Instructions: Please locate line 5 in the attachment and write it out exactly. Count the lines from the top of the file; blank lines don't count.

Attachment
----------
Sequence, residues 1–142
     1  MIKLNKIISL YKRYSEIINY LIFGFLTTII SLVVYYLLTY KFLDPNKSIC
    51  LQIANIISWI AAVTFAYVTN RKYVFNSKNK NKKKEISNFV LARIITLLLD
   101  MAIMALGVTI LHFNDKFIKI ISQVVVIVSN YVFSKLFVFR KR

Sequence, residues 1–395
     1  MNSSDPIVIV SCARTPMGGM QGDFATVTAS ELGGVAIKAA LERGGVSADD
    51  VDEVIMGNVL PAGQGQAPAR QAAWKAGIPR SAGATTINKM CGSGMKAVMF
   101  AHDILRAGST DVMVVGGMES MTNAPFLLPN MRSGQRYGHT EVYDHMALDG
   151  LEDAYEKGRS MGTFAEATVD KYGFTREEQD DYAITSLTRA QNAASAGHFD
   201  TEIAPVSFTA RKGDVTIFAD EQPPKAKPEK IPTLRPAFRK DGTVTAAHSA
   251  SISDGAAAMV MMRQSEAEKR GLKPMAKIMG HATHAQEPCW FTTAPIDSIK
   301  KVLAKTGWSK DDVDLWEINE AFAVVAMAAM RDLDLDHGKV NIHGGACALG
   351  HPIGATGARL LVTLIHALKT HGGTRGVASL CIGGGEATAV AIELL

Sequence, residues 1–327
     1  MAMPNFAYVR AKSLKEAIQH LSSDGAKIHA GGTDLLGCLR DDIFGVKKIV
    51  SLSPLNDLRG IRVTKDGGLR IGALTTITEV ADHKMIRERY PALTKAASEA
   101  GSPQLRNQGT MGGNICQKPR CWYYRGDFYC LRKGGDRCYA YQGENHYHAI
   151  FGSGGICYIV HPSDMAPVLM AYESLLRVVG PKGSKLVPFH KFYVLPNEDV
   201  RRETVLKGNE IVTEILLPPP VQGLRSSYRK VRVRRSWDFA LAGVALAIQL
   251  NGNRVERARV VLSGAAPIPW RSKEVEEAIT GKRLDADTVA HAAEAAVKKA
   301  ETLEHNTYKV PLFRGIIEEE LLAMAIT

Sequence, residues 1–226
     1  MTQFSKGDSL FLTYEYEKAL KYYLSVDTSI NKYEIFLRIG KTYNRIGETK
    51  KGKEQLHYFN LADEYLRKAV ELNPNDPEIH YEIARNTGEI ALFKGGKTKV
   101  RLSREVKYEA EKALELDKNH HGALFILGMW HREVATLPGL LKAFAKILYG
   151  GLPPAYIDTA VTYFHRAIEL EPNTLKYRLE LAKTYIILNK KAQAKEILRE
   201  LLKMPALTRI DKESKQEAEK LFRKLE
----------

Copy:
Sequence, residues 1–395